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Mergecap and Tshark: Merge Packet Dumps and Analyze Network Traffic

Network Switch with Ethernet Cables
Photo courtesy of Michael_P

This article is written by Balakrishnan M
A while back we reviewed 11 examples on how to use editcap utility to capture network dumps. In this article, let us review mergecap utility and tshark commands.
Mergecap is a packet dump combining tool, which will combine multiple dumps into a single dump file. Based on timestamp, the packets are written into the output file in an orderly manner. By default the output file is written in the libpcap format. However using mergecap options, we can generate output in various different format including those that are supported by wireshark tool.

mergecap is available in the wireshark package. Make sure wireshark/ethereal package is installed to use the mergecap.

Combine two dump files into a single output_dump file

Combines input_dump1 and input_dump2 capture files and writes into output_dump file.

# mergecap -v input_dump1 input_dump2 -w output_dump


In this example, input_dump2 contains the packets which are captured after input_dump1. The output_dump will contain intput_dump2 packets in the beginning followed by intput_dump1 packets.

# mergecap input_dump1 input_dump2 -w output_dump -a

Print output dump file to standard output

Combine two network dump files and print the output to the standard output instead of writing to a file.

# mergecap -v input1_dump input2_dump -w -

Print output file in a specific encapsulation format

Use option -T, to get the output file in the desired encapsulation format as shown below.

# mergecap -v -T ether -w merge_cap capture1 capture2 capture3

3. Merge packets of certain length

In this example, the output_dump contains the packets of maximum 100 bytes length.

# mergecap -v -s 100 dump1 dump2 dump3 -w output_dump

Tshark – Packet capture tool

Tshark is a powerful tool to capture network packets, which can be used to analyze the network traffic. It comes with wireshark network analyzer distribution.

Capture network capture continuously

The following example will capture the network packets continuously for 60 seconds. After 60 seconds of capture, it would stop automatically. capture_out contains the packets, which are flown in the network during the last 60 seconds.

# tshark -q -w capture_out -a duration:60

In the following example packets will be printed on the screen and simultaneously it will be written into the output file.

# tshark -S -q -w capture_out -a duration:10

Capture network statistics using tshark

To see how many packets are flowing in the network for a specific interval use the following command.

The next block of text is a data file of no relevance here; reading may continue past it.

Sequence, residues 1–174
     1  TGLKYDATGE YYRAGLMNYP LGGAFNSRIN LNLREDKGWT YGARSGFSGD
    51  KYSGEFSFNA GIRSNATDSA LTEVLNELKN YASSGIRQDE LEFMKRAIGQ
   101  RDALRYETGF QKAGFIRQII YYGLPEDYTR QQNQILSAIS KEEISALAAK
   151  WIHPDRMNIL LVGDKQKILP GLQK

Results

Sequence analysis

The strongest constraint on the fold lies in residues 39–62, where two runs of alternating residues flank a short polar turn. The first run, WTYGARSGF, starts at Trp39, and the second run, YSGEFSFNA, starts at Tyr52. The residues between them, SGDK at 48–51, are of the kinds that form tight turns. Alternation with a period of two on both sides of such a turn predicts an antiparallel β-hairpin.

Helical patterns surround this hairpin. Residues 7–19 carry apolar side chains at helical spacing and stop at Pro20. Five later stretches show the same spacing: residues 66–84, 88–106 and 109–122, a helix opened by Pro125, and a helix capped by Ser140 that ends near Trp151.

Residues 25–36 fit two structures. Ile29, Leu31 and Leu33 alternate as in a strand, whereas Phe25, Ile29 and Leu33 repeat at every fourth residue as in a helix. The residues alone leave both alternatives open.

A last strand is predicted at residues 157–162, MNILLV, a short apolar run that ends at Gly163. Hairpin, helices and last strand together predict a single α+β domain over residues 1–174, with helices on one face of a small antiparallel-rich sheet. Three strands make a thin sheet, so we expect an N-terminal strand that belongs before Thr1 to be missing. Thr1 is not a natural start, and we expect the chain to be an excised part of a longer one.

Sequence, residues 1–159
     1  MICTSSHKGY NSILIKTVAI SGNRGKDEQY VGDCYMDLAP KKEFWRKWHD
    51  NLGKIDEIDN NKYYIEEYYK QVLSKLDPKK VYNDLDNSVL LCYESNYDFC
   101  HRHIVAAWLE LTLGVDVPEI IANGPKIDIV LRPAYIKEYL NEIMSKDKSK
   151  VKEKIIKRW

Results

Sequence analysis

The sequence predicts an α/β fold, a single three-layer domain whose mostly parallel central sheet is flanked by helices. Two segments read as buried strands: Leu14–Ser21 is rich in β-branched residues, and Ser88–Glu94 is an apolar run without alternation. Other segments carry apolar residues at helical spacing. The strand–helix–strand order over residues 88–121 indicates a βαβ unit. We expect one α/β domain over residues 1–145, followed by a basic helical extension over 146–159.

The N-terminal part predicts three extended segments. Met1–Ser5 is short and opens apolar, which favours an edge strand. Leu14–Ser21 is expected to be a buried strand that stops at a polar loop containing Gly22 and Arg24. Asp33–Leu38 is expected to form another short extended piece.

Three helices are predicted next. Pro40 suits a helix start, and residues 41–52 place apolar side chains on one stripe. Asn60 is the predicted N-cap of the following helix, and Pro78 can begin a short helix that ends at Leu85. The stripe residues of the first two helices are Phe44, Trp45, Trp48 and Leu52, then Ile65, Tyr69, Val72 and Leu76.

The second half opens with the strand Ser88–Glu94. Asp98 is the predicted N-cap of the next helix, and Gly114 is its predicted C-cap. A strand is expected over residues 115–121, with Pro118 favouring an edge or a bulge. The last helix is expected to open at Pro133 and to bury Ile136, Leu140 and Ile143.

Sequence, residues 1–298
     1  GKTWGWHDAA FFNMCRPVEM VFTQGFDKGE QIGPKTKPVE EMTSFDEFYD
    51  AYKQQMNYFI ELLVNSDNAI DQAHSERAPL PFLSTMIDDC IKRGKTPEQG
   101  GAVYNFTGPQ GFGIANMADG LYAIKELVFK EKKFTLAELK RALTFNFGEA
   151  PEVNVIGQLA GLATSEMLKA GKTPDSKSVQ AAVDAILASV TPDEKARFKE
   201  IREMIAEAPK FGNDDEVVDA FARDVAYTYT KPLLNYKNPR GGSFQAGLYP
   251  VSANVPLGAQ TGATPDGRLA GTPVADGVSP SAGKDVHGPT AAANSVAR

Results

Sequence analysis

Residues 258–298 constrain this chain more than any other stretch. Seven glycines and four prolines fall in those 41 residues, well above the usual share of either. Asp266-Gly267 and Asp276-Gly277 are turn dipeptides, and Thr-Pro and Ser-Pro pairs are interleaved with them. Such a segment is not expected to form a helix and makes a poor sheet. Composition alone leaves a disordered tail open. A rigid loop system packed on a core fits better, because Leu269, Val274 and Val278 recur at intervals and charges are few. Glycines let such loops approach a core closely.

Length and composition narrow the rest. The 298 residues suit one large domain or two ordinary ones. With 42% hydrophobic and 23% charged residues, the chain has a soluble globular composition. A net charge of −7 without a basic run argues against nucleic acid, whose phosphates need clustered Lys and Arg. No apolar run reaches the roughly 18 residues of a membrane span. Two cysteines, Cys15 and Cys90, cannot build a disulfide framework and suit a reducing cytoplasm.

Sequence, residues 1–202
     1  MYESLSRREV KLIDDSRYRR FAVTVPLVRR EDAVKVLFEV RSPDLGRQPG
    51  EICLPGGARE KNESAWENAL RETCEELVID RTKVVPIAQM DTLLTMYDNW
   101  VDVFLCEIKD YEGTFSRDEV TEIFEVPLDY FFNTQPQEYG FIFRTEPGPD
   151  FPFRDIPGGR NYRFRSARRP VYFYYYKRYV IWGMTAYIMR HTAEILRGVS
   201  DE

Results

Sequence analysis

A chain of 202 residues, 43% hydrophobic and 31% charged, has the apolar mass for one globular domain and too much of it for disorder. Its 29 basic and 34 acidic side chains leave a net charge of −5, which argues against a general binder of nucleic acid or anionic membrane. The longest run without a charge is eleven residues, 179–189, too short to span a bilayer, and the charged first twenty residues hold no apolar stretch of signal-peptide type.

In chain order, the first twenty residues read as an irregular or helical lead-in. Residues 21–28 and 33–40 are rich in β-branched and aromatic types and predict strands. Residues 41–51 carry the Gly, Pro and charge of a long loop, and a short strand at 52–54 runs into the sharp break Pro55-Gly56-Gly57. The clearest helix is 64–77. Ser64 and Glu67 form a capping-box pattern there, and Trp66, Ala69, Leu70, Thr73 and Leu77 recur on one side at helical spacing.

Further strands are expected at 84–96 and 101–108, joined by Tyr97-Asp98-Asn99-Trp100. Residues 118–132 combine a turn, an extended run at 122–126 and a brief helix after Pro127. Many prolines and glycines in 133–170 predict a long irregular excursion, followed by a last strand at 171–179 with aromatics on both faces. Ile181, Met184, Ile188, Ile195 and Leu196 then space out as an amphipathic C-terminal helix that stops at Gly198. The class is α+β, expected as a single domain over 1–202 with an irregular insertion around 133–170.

# tshark -q -w capture_duration1 -a duration:1 -z io,stat,1

Capture network packets for a specific host

Use the following example, to capture the packet flow for a particular host(transmitted and received packets). In this example, we could see that for every second how many packets are flown in the network for the host

#  tshark -S -q -w capture_duration6 -a duration:6 -z io,stat,1,ip.addr==
After capturing all the packets for 6 seconds duration, it will print the statistics as like the following,
145 packets dropped
19749 packets captured
IO Statistics
Interval: 1.000 secs
Column #0: ip.addr==
|   Column #0
Time       	      |frames|  bytes
000.000-001.000    2733    545242
001.000-002.000    2991    583374
002.000-003.000    3310    650716
003.000-004.000    3236    641896
004.000-005.000    3518    690860
005.000-006.000    3310    654988
006.000-007.000     638    122812

Capture network packets on a specific port

This example captures only the ssh packets.

# tshark -f “tcp port 22” -w capture_out

Capture network packets for specific duration

The following example will capture packets for specific duration (5 seconds), switch over to the next file when capture file size reaches certain size (1000KB).

# tshark -a filesize:1000 -a duration:5 -a files:5 -w ethcap1

Sample output capture filename with size:

ethcap1_00001_20090216174203 -   1000K
ethcap1_00002_20090216174205 -  1000K
ethcap1_00003_20090216174207 -  835K

Other tshark capture commands

Use option -c, to capture the packets upto certain packet count. The following example creates the ethcap1 file only with 10 packets.

# tshark -c 10  -w ethcap1


Use option -r to read network packets from as compressed file.

# tshark -r capture_dump.gz


Use option -r, to displays only specific packet types. The following example creates the file capture_dump only with the rtp packets in the network analyzer.

# tshark -R “rtp” -r capture_dump


Use the filter below to capture the tcp packets which are flowing in the port 1720.

# tshark -f “tcp port 1720”

The following example will capture packets that are coming either to the port 1720 or 1721.

# tshark -f  “port 1720 or port 1721”	 -w capture_dump


By default, tshark will use eth0 device to do the packet capture. You can also specify a specific ethernet adapter using option -i as shown below.

# tshark -i eth1 -w -a duration:10 capture_dump


This article was written by Balakrishnan Mariyappan. He is working in bk Systems (p) Ltd, and interested in contributing to the open source. The Geek Stuff welcomes your tips and guest articles.

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Comments on this entry are closed.

  • Aravind June 10, 2009, 2:15 am

    How do i find the packet length??